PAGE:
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Cannes 2022: “Plan 75” – A Government Plan to Encourage Euthanasia for Seniors

What happens when a government plan encourages euthanasia among people 75 years or older?

One of the most moving films featured in the Un Certain Regard section of the 75th Cannes Film Festival is Chie Hayakawa’s debut feature, Plan 75.

The drama imagines a scenario where Japan deals with the increasing older population by introducing a program called Plan 75 that offers senior citizens age 75 and up or pensioners into signing up for euthanasia free of charge, with the “perk” of getting a “preparatory grant” of $1,000 which they can spend any way they want. They are coaxed into signing up for Plan 75 where they will not have to worry about cremation or funeral expenses as their “final and dignified contribution to society.”

The international co-production, which is a collaboration of Japan, the Philippines, and France, is produced by Eiko Mizuno-Gray, Jason Gray, Frederic Corvez, Maeva Savinien, and Wilfredo Manalang with Alemberg Ang as a co-producer.

Hayakawa’s movie follows the lives of the three main characters — Michi (portrayed by Chieko Baisho of Hayao Miyazaki’s Howl’s Moving Castle), a hardworking septuagenarian who works as a hotel maid; Hiromu (Hayato Isomura) who is a young Plan 75 recruitment agent; and Maria (Stefanie Arianne), a Filipina caregiver for senior citizens who later works for Plan 75.

Also featured in the film is Filipino-Japanese actress Sheryl Ichikawa who portrays Grace, Maria’s best friend.

Hayakawa, who wanted to become a film director as early as age 13, studied photography at the School of Visual Arts in New York and then enrolled at a night film school. For her thesis, she made a short film that was accepted to Cinefondation at the Cannes Film Festival in 2014. One of the five shorts featured in the omnibus film, Ten Years Japan (2018), was a short version of Plan 75.

The infamous and gory Sagamihara stabbings in 2016 inspired her to develop the short film into a feature-length one. A young man killed 19 people at a home care facility for disabled people and said he did it “to ease the burden” on their families.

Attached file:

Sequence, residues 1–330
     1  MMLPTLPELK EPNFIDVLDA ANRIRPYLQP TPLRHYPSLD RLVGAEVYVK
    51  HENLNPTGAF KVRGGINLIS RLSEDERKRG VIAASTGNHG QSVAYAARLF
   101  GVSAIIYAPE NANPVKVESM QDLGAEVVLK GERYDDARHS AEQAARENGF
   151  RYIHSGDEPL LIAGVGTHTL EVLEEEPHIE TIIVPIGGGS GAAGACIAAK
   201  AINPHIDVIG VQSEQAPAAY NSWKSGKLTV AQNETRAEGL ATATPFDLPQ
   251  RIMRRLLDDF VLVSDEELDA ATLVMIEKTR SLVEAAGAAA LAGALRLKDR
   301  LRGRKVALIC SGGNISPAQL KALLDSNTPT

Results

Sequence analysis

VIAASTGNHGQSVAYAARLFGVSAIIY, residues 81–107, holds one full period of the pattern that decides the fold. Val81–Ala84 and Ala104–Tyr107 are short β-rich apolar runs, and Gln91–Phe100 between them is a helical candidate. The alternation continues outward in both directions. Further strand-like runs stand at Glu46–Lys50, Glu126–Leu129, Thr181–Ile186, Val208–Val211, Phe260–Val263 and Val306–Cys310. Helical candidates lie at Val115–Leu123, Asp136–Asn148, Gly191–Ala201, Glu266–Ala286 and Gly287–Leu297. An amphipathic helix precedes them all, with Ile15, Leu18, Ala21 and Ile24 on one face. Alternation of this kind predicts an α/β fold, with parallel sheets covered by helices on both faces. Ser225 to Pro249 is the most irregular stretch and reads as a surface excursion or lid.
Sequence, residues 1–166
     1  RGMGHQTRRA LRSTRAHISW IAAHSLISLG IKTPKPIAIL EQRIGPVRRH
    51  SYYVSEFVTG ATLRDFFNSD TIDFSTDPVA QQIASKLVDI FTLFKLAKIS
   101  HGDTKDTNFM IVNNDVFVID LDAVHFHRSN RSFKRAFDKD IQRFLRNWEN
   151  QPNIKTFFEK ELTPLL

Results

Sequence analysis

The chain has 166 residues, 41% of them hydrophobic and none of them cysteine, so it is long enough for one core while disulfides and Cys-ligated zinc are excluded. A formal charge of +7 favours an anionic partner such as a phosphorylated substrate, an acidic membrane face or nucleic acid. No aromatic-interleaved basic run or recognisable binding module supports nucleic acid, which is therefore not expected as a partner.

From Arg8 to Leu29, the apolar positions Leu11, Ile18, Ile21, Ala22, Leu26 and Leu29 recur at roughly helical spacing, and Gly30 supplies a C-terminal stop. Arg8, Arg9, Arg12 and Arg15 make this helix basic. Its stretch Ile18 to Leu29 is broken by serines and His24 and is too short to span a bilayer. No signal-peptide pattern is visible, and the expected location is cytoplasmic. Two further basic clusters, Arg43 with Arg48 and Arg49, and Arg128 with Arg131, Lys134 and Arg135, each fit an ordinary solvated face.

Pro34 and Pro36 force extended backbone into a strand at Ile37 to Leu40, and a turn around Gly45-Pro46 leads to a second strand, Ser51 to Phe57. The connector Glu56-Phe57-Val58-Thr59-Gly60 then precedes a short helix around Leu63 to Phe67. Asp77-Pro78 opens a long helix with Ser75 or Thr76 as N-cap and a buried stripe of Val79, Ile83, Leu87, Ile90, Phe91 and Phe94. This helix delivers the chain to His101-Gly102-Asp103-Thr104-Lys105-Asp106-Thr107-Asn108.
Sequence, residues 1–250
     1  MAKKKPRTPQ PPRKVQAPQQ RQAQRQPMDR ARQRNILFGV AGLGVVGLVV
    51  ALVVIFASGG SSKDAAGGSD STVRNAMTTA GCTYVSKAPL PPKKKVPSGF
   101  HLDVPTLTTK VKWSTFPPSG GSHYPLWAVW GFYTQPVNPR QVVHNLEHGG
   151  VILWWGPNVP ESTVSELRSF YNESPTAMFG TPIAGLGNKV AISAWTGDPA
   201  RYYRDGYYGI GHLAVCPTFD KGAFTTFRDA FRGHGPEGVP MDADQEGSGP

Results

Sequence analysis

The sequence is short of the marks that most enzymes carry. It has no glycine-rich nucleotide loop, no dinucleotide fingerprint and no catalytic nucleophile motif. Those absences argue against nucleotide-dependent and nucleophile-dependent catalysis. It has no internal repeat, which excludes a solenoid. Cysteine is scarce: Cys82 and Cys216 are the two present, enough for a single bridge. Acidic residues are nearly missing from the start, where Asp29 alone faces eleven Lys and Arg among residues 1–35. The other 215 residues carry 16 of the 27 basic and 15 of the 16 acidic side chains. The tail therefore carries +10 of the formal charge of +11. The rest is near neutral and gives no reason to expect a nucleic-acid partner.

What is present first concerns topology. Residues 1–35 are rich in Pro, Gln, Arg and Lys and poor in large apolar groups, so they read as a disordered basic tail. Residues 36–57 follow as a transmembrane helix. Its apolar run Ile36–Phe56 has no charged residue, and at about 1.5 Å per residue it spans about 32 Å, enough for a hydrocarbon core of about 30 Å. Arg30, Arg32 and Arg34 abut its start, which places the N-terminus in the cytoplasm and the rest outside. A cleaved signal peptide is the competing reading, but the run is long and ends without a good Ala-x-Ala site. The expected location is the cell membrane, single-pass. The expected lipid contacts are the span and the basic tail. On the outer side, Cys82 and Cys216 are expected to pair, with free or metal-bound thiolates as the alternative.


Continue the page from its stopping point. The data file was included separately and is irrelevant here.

In an interview the HFPA did with Hayakawa before the Cannes Film Festival, she told us via email: “In the summer of 2016, a man murdered 19 disabled people, purporting that severely disabled people have no worth staying alive, and that his deed was an act of mercy.

“In his testimonial letter describing his motive, he used the words ‘vitalization of the world economy.’ His logic was that the existence of disabled people hinders economic activity, and that economic value was more important than human lives.

“I don’t believe that this way of thinking is confined to one deranged murderer. In our society where economic value is prized over everything else, I cannot help thinking that there are, in fact, many people who share similar emotions.

“Our capitalist society, which values rationality and productivity, creates the distinction between ‘worthy lives’ and ‘worthless lives,’ and critical views on socially weak people get stronger by the day. My anger and anxiety toward such intolerance of society motivated me to make this film.”

With this movie, Hayakawa reminds us of “the beauty and dignity of human life” and that we should not allow the government or our political leaders to simply reduce us to a number on a spreadsheet.

Plan 75 deals with the moving plight of the Japanese elderly and how they try to fend for themselves in a cold, pragmatic society that has almost neglected and even attacked them.


After the film was screened in a world premiere at the Theatre Claude Debussy, the audience gave a standing ovation that lasted several minutes to the film’s talents who were present – director Hayakawa and actors Isomura and Arianne.